author = "Ellingson, {Roger M.} and Frederick Gallun and Guillaume Bock",
year = "2015",
month = "3",
day = "1",
doi = "10.1121/1.4908566",
language = "English (US)",
volume = "137",
pages = "1164--1179",
journal = "Journal of the Acoustical Society of America",
issn = "0001-4966",
publisher = "Acoustical Society of America",
number = "3",

}

TY - JOUR

T1 - Measurement with verification of stationary signals and noise in extremely quiet environments

T2 - Measuring below the noise floor

AU - Ellingson, Roger M.

AU - Gallun, Frederick

AU - Bock, Guillaume

PY - 2015/3/1

Y1 - 2015/3/1

N2 - It can be problematic to measure stationary acoustic sound pressure level in any environment when the target level approaches or lies below the minimum measureable sound pressure level of the measurement system itself. This minimum measureable level, referred to as the inherent measurement system noise floor, is generally established by noise emission characteristics of measurement system components such as microphones, preamplifiers, and other system circuitry. In this paper, methods are presented and shown accurate measuring stationary levels within 20 dB above and below this system noise floor. Methodology includes (1) measuring inherent measurement system noise, (2) subtractive energy based, inherent noise adjustment of levels affected by system noise floor, and (3) verifying accuracy of inherent noise adjustment technique. While generalizable to other purposes, the techniques presented here were specifically developed to quantify ambient noise levels in very quiet rooms used to evaluate free-field human hearing thresholds. Results obtained applying the methods to objectively measure and verify the ambient noise level in an extremely quiet room, using various measurement system noise floors and analysis bandwidths, are presented and discussed. The verified results demonstrate the adjustment method can accurately extend measurement range to 20 dB below the measurement system noise floor, and how measurement system frequency bandwidth can affect accuracy of reported noise levels.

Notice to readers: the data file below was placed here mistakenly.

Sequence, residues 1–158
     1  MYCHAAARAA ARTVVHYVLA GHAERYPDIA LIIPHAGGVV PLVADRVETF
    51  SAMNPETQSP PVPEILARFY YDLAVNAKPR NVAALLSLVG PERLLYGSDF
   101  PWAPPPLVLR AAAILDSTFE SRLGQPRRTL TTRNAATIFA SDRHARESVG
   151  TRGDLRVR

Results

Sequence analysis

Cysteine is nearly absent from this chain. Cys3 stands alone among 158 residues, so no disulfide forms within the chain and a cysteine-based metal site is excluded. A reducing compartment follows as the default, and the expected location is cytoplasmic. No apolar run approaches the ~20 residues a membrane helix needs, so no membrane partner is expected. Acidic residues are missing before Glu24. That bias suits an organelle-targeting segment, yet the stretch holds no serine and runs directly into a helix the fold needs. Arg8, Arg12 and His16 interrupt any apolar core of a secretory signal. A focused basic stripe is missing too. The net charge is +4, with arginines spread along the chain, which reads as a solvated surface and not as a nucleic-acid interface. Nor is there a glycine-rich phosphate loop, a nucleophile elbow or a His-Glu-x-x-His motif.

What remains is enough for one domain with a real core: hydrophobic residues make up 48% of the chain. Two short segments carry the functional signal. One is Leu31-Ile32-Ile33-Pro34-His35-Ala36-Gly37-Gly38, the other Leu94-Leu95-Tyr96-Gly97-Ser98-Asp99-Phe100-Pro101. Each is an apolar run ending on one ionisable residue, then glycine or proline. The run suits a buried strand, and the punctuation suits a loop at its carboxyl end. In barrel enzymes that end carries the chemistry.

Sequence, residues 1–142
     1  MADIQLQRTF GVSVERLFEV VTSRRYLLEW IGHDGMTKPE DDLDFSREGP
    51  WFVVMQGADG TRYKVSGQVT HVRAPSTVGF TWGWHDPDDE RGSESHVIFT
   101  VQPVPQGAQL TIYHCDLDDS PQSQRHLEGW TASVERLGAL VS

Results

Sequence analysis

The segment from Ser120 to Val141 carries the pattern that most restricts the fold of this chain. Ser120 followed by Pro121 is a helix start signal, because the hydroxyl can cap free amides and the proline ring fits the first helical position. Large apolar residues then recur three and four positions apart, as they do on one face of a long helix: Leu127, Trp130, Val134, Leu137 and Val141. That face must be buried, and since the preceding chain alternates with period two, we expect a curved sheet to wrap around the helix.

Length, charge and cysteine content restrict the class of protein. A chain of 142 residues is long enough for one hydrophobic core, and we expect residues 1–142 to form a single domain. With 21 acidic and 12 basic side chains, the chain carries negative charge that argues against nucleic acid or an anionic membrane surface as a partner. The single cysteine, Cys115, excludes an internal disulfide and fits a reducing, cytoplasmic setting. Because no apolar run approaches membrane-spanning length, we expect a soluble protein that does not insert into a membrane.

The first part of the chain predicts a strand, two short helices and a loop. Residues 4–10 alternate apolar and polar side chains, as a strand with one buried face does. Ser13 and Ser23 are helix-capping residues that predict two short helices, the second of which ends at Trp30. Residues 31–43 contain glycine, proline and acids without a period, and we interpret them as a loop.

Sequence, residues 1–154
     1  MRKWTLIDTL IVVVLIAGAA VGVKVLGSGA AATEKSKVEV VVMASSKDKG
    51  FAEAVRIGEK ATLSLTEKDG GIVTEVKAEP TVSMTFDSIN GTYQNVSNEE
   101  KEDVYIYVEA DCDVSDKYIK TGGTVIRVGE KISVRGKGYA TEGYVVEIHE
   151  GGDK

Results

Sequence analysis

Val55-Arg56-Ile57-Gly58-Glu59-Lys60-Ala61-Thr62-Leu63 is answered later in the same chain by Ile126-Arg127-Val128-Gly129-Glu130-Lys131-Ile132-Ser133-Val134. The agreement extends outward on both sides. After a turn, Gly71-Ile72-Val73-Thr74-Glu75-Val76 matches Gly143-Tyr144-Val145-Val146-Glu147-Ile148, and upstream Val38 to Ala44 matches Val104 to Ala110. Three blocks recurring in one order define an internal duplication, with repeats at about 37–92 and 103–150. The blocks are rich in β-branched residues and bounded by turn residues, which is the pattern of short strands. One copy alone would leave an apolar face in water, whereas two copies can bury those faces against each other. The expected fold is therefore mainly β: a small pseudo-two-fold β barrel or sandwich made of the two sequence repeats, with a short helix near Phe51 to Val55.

AB - It can be problematic to measure stationary acoustic sound pressure level in any environment when the target level approaches or lies below the minimum measureable sound pressure level of the measurement system itself. This minimum measureable level, referred to as the inherent measurement system noise floor, is generally established by noise emission characteristics of measurement system components such as microphones, preamplifiers, and other system circuitry. In this paper, methods are presented and shown accurate measuring stationary levels within 20 dB above and below this system noise floor. Methodology includes (1) measuring inherent measurement system noise, (2) subtractive energy based, inherent noise adjustment of levels affected by system noise floor, and (3) verifying accuracy of inherent noise adjustment technique. While generalizable to other purposes, the techniques presented here were specifically developed to quantify ambient noise levels in very quiet rooms used to evaluate free-field human hearing thresholds. Results obtained applying the methods to objectively measure and verify the ambient noise level in an extremely quiet room, using various measurement system noise floors and analysis bandwidths, are presented and discussed. The verified results demonstrate the adjustment method can accurately extend measurement range to 20 dB below the measurement system noise floor, and how measurement system frequency bandwidth can affect accuracy of reported noise levels.

UR - http://www.scopus.com/inward/record.url?scp=84925232738&partnerID=8YFLogxK

UR - http://www.scopus.com/inward/citedby.url?scp=84925232738&partnerID=8YFLogxK

U2 - 10.1121/1.4908566

DO - 10.1121/1.4908566

M3 - Article

C2 - 25786932

AN - SCOPUS:84925232738

VL - 137

SP - 1164

EP - 1179

JO - Journal of the Acoustical Society of America

JF - Journal of the Acoustical Society of America

SN - 0001-4966

IS - 3

ER -